Massachusetts industrial hip-hop duo Hansel is back with a second full-length album, and though things are just as loud and chaotic as they ever were, there's a more coherent vision to the music this time around. The punk ethos is still intact, but it's better integrated with the band's hip-hop influences now, with screamed rap vocals working with the hard breakbeat rhythms rather than against them on such tracks as "Psylents" and "Generate Humans." Turn down the distortion on "Cypress Millwood," and you've even got a beat funky enough to nod your head to. If the elements of Hansel's sound are better integrated, though, they're as eclectic as ever, if not more so. "The Death of Allen Steele," remixed here by fellow D-Trash Records artist Schizoid, crams dirty industrial metal up against jazzy rhythmic breakdowns, "Koslo (The Birth Giver)" mixes bleak trip-hop rhythms with reverb-drenched classical strings, and title track "Lorentzian Lineshaper" is like nothing so much as a Beastie Boys B-side as heard from the far side of a bad PCP trip. Then there's the cover of Pat Benatar's "Heartbreaker," complete with staccato violins, drum 'n' bass snare rolls, and vocals that range from frantic breathlessness to brutal shrieking. For all the deliberate noise and confrontation, though, this is much more intellectual stuff than you might expect, and a surprising interest in such heady topics as quantum physics and astronomy makes itself known on opening track "Waking the Ghost" and the fascinating combination of synthesized cello, otherworldly chimes, and soft singing that is "The Uncertainty Principle." In many ways, this is extraordinarily violent music, but it's certainly not dumb. If you can correctly interpret the distorted shrieks through the morass of metallic breakbeats and buzzing feedback, you might even learn something.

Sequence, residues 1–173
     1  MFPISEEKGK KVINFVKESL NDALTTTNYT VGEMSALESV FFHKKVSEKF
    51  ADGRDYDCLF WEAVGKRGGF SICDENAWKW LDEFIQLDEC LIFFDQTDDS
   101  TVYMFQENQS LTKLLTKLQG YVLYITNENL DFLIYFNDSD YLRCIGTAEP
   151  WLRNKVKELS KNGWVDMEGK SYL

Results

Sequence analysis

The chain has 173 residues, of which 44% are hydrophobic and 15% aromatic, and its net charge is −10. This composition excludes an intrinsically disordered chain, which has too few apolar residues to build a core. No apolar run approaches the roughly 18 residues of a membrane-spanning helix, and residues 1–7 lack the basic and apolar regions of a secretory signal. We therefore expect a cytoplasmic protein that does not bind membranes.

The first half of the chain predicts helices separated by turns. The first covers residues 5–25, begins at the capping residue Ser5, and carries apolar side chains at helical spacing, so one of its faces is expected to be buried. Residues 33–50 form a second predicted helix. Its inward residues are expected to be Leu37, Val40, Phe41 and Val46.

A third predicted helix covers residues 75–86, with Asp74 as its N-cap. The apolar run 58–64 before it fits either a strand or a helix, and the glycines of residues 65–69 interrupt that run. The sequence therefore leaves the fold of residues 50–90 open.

Visit Hansel's website at www.hansel.org.
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